by British Awakening – 26 Mar 2018
By Source, Fair use, Link
It’s not often a two and half hour sub titled art house movie set in a Stockholm art gallery can hold you fixated but this one does. Claes Bang plays Christian the senior curator, a man with good looks, style, and charisma, at ease in the comfortable world of the arts he inhabits. The film explores this side of his life, avoiding the common mistake of preaching to the audience, and introduces his character in a gentle manner. As a result we see that Christian is successful, has a nice lifestyle, and he drives a Tesla - a statement of his position and his green credentials. Christian has some flaws but on the whole he is also a likeable person. Throughout Christian is seen as well-meaning but as the film progresses the detachment of his existence, as it collides with the real world most mortals live in, becomes ever more apparent.
The critical examination of his character is more about his response to a minor crime which leads to a succession of hilarious set pieces as he encounters life on a rough estate, an indignant and intimidating migrant child and a crazed ape man type exhibit from the gallery. A nice sub plot with Anne an ape owning journalist played by Elisabeth Moss (Mad Men) makes a light hearted but serious point about the behaviour of men in powerful positions towards women without spoon feeding the viewer. The centre piece - and the biggest belly laugh (yes - laugh out loud funny) is a video made for YouTube Christian mistakenly authorises in order to promote an exhibition at the gallery. The video clip goes viral – mainly because it manages to offend everybody in Sweden.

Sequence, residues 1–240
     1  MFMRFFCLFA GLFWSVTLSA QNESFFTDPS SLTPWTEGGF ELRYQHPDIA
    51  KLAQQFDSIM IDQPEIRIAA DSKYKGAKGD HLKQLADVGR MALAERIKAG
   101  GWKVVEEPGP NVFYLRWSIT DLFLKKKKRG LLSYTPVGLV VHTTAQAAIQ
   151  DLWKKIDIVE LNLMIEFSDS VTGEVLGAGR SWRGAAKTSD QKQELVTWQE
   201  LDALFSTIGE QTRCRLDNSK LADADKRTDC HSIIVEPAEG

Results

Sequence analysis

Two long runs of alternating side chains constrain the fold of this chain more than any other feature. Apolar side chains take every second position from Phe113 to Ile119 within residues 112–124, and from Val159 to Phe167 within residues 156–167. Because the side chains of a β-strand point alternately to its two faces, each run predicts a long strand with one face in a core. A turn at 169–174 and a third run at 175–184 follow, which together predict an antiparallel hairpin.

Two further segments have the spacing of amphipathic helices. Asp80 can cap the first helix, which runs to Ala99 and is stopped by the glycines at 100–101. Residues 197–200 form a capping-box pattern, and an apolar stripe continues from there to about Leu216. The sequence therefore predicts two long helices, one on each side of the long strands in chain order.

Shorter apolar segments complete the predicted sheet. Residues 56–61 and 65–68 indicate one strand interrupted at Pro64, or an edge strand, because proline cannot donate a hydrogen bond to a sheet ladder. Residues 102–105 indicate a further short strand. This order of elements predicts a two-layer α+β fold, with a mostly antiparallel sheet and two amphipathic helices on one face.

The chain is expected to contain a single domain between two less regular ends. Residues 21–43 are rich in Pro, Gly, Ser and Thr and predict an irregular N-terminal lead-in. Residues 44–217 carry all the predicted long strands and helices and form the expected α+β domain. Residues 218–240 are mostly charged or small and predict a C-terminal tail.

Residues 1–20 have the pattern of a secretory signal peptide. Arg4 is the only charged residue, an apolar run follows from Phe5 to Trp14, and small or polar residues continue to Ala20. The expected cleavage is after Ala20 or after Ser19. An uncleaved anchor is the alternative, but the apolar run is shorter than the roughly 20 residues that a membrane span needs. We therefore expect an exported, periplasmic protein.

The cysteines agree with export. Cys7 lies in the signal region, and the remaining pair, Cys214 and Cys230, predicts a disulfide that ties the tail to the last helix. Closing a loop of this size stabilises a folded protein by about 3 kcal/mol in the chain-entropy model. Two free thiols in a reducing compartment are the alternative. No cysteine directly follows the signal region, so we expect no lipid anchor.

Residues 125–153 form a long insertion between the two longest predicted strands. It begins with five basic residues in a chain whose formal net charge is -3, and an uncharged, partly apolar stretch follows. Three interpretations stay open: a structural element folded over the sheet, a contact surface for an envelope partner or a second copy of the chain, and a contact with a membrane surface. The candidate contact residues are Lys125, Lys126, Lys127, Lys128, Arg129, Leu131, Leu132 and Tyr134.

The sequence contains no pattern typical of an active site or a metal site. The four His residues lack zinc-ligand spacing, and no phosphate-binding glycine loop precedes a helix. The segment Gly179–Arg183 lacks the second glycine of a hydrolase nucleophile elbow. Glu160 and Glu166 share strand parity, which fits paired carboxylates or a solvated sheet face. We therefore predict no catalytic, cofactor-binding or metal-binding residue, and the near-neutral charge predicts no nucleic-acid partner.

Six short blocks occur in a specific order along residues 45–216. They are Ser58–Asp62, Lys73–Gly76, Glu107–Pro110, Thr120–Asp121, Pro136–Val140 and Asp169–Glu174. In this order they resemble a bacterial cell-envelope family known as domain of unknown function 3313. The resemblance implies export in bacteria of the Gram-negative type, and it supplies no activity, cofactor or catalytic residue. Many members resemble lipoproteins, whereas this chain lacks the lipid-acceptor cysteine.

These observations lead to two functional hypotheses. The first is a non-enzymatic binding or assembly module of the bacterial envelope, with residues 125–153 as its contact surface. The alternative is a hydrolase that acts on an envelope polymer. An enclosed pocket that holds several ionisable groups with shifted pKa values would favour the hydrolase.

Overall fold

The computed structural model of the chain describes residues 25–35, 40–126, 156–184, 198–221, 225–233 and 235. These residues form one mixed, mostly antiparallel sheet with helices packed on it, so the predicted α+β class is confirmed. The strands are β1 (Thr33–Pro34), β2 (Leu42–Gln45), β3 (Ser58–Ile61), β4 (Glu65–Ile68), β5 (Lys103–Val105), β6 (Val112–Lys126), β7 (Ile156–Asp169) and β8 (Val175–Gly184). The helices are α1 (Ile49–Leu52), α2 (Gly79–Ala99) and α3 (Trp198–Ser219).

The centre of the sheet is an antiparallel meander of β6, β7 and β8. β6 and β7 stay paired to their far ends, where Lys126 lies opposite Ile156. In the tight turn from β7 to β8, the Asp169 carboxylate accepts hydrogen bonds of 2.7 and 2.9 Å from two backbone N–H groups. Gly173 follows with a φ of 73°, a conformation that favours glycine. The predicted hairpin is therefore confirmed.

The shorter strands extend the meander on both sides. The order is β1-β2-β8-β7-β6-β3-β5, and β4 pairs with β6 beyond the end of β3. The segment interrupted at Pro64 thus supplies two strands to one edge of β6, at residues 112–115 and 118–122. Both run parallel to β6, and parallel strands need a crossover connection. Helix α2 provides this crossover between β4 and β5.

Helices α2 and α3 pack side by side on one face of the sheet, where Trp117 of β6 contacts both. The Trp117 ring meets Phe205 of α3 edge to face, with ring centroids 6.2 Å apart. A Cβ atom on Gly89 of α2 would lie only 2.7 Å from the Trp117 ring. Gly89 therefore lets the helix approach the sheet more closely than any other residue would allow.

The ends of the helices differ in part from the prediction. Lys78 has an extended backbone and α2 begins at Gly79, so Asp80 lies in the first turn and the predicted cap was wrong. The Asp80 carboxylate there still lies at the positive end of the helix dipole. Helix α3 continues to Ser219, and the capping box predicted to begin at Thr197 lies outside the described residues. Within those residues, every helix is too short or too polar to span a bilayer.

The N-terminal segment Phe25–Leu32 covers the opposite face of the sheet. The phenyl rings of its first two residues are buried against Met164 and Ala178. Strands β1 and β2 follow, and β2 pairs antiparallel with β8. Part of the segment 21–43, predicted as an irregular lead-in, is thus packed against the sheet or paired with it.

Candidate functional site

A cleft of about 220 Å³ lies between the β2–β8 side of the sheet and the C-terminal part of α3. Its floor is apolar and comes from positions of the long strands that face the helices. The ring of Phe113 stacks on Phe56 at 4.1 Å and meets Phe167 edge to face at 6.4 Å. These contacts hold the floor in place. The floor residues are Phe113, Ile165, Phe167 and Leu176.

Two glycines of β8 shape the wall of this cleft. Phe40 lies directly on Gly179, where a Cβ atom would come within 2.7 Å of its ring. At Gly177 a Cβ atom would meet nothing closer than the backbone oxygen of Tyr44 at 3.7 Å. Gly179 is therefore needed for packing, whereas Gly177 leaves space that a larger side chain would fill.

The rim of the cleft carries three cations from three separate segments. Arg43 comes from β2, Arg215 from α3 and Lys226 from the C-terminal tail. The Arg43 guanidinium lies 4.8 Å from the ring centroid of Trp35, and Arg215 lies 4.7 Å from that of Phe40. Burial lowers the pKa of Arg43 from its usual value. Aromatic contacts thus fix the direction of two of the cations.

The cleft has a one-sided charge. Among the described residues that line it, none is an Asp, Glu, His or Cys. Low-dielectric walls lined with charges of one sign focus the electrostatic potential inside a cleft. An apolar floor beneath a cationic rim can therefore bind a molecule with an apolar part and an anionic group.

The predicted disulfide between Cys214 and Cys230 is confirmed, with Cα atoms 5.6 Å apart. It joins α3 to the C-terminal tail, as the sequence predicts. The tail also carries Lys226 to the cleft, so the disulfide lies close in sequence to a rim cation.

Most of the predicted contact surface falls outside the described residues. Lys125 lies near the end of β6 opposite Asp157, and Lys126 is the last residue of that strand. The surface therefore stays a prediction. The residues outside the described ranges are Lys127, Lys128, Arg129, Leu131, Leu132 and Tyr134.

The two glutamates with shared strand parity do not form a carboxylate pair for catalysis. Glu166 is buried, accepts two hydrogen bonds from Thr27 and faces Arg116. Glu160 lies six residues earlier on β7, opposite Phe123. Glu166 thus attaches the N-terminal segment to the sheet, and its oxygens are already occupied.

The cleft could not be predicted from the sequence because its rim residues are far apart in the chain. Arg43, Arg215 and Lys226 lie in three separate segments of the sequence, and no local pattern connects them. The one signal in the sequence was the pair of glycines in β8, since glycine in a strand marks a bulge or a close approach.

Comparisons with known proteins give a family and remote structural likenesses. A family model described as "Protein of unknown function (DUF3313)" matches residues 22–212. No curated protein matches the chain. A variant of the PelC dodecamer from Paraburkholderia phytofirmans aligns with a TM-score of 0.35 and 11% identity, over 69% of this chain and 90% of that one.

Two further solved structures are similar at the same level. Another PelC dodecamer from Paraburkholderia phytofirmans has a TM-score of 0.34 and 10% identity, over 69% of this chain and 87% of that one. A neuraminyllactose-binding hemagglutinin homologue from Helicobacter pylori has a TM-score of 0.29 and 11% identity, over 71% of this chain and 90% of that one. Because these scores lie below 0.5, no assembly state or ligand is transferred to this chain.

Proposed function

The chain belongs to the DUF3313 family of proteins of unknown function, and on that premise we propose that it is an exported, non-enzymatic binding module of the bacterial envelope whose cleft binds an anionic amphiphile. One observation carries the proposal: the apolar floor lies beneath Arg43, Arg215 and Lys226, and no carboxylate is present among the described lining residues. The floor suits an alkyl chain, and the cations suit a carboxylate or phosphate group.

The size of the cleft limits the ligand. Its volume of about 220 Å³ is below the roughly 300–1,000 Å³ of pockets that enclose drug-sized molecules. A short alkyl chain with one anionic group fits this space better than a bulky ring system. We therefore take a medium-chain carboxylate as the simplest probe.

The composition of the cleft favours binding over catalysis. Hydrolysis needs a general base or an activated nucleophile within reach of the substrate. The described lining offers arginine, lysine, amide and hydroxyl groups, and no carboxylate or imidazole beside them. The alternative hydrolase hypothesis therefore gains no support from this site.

The long running philosophical debate about what is art is considered with humour, there is a long running gag about an installation that consists of a pile of ashes. Our darker side is brought into sharp focus in the ape man scene which makes uncomfortable viewing as it brutally analyses both the herd and the wolf pack aspects of human nature.
The film is relentless in using humour to expose some of the absurdities of the politically correct straight jacket Swedes have to navigate as part of their daily lives. A very topical scene set at a gallery press conference has a journalist making a very much needed point about free speech - even if it offends, the cowardice of Christian and the board of directors he represents is exquisitely dissected.
If none of this convinces you then the show case interview with the artist Julian Gijoni played by Dominic West (the Wire) is worth the entire film. In front of adoring art lovers Julian has to contend with someone with Tourette’s syndrome in the audience and here the movie pulls no punches, yes, the condition can be bloody hilarious in certain circumstances, people laugh - oh yes we do.
The Square is a refreshing much needed antidote to the stifling dogma of political correctness, it is unafraid to make jokes about immigration, disability and poverty but does so not in a cruel sense, the joke rather is about us and our unwillingness to articulate our private views on difficult subjects. Where the film stands out is that it does not sidestep, instead it allows the characters to crash headlong into controversy.
If you have some free time this Easter weekend and fancy seeing something imaginative and thought provoking yet totally bonkers then I highly recommend this movie.
The Square, directed by Ruben Ostlund, Magnolia Pictures, 142 minutes.
Review at IMDB:
The Square (2017)
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